Counting horses

How many are there? It is a common and important question in controversies about wildlife. Knowing the number of animals is the first step to finding out whether a population is declining or increasing, and if there are too many or not enough.

Rust band – Kaimanawa wild horses – looking across Argo Basin towards Auahitotara Peak (zone 28, circa 1994-98).

Both sides of the debate about horse populations – those who want them on the landscape and those that do not – need an answer to the population size question. Knowing how many horses there are is also, of course, an essential guide to deciding how to manage any population and evaluating whether management achieved its objectives. Unsurprisingly therefore, estimates of horse population size are inevitably contentious and contested.

Unfortunately, estimating population size is a universal challenge. It is difficult to do well for most species. Many animals are difficult to count because they are hard to see. They might be small, and live in treed landscapes, in caves, or underground. They might hide when startled, or be camouflaged against the background.

But counting horses should be comparatively easy – right? They are large and live in small groups whose members one could mostly count on the fingers of two hands – only occasionally also requiring your toes. They also prefer to roam open, grassed landscapes. Being large, group-living and on grasslands makes them easy to see. Only rarely do they seek shelter that might hide them. When they do it is usually when the weather is poor and no reasonable person wants to be counting horses anyway. Sure, tall trees and shrubs might obscure some of the population most of the time but generally horses should be easy to find and count in fair weather. All this is true, but horses are difficult to count because they pose a less commonly encountered challenge – they run.

Barbourofelis, a sabre-tooth cat, ambushes a three-toed Hipparion, relative of the modern horse. Source: Carl Buell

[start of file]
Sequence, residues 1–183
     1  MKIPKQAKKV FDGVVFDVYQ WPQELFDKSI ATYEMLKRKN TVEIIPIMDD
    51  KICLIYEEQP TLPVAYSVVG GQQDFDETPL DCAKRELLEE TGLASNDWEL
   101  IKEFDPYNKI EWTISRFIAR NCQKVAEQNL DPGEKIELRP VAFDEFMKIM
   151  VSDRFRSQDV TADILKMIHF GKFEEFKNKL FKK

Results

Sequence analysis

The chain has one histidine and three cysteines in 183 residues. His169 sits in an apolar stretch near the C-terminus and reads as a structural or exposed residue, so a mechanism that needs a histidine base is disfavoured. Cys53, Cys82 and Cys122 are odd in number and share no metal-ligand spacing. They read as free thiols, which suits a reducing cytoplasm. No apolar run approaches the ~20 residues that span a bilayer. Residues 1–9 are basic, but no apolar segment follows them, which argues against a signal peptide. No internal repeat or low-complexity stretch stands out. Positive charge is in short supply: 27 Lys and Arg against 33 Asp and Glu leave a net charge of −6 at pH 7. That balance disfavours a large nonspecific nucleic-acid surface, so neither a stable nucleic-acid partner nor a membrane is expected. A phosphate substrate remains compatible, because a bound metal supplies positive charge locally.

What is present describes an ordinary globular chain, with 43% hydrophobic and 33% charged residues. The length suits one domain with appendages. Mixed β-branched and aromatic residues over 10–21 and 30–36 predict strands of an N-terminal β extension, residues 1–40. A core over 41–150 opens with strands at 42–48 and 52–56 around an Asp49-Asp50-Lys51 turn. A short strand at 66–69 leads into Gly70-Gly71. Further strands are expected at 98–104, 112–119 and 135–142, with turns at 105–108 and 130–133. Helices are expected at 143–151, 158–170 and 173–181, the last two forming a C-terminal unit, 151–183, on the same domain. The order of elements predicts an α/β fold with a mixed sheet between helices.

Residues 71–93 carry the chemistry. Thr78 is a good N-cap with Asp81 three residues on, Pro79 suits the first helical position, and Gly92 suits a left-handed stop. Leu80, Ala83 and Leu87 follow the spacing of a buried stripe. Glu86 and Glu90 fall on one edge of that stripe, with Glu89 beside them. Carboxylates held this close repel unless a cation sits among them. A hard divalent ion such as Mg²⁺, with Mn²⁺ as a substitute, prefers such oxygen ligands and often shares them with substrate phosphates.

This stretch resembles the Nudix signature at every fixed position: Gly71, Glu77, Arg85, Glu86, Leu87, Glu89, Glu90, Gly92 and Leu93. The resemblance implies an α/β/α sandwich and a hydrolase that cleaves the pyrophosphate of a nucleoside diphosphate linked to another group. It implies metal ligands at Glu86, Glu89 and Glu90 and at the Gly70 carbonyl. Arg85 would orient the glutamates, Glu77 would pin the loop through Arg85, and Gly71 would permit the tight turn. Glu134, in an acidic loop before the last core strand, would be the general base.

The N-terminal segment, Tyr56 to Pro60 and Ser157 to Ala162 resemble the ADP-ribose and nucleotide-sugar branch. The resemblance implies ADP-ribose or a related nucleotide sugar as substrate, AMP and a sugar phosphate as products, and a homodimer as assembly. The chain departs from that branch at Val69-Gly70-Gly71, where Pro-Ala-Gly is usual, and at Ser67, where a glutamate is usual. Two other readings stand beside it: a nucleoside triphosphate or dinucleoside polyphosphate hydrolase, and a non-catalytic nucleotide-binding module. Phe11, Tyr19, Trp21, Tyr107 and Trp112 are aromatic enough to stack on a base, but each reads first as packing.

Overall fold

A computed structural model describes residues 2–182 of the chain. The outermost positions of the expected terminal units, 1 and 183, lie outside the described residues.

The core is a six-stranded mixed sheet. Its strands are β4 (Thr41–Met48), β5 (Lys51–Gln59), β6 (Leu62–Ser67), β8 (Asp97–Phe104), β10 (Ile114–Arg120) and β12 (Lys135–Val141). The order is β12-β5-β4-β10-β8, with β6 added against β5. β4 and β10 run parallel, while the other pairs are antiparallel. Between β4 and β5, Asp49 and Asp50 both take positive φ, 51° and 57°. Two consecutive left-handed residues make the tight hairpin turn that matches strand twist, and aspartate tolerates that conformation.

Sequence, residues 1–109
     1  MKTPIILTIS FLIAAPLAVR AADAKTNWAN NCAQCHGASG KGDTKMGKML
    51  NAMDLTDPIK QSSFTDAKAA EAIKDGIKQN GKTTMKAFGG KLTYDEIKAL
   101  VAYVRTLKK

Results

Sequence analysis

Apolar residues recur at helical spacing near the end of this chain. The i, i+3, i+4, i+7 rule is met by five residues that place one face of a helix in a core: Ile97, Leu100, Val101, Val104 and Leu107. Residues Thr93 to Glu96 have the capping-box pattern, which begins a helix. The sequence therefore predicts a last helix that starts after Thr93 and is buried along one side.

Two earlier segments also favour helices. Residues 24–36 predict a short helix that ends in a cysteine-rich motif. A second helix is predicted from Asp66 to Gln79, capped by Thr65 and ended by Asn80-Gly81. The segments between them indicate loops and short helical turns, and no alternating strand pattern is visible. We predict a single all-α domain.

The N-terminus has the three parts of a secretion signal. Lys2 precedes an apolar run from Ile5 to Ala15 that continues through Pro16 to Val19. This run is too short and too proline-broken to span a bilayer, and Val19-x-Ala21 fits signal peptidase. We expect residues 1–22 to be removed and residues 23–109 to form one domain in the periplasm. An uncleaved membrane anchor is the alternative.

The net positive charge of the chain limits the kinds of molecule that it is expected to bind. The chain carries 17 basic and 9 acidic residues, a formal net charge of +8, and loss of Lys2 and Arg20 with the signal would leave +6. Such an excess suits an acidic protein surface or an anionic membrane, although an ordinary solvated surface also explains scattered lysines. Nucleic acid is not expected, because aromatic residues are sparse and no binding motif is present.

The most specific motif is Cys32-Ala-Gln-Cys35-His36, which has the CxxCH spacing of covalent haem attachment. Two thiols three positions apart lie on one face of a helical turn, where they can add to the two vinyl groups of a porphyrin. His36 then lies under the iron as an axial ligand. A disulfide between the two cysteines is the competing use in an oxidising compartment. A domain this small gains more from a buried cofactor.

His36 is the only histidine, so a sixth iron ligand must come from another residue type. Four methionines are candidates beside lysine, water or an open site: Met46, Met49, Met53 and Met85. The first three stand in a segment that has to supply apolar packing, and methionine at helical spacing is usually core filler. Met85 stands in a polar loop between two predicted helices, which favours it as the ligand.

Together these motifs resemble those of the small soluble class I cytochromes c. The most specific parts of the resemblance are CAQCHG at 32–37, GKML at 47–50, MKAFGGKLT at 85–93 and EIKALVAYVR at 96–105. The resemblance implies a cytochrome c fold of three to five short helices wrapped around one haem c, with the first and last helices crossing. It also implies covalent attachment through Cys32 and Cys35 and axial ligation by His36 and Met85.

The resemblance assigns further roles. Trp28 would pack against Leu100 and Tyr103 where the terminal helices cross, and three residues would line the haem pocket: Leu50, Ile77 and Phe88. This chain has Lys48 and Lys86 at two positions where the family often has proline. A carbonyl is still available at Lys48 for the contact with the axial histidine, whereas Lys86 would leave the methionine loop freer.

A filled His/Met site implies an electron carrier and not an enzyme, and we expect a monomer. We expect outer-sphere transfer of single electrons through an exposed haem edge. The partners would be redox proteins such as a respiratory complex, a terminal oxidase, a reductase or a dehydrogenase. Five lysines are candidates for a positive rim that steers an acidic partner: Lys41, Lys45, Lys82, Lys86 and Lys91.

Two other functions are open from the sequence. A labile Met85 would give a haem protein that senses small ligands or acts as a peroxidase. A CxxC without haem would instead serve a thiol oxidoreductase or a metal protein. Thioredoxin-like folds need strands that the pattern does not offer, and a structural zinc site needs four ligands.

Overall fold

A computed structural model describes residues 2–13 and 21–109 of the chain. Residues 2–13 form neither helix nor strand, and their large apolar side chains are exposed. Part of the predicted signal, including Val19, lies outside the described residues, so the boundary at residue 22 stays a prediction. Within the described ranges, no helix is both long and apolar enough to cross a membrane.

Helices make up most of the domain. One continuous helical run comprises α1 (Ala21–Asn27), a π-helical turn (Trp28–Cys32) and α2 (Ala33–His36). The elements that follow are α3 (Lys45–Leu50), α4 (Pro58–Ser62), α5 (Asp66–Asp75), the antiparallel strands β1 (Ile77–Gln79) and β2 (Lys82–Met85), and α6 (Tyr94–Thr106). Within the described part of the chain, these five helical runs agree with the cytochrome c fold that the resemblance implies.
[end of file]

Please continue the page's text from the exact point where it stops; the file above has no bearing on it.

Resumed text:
The blame for our difficulties counting horses can probably be placed with their ancient predators – most of which are now extinct. Some were large, ‘sit and wait’ or ‘ambush’ predators. Some were smaller but fast pursuit predators hunting in packs. Horses, therefore, have an extraordinary jump and acceleration from standing. In the world that horses evolved, so the hypothesis (story) goes, there were the ‘quick and the dead’.

Paul Kane painting depicting horseback hunting of buffalo (circa 1851-1856).

Of course, this will be no surprise to the equestrian. Powerful hind-leg muscles deliver a horse’s maximum speed within three seconds. Key to acceleration is the leap into the first stride – hence also the horses remarkable capacity to jump fences. The world record jump is almost two and a half meters (8 feet). Speed and the stamina to maintain it are also extraordinary in horses. They are fantastic runners. Speeds in excess of 50 km per hour (~30 miles per hour) are typical for the first kilometer or two and top-speeds of almost 90 km per hour (~55 miles per hour) are possible over shorter distances. Eighty kilometers can be achieved in just over four hours [1] – incredible endurance. It is not surprising that horse-racing and hunting from horseback have been a part of all cultures that domesticated the horse. The athleticism of the horse is exhilarating and inspiring – stirring many of us deeply, emotionally.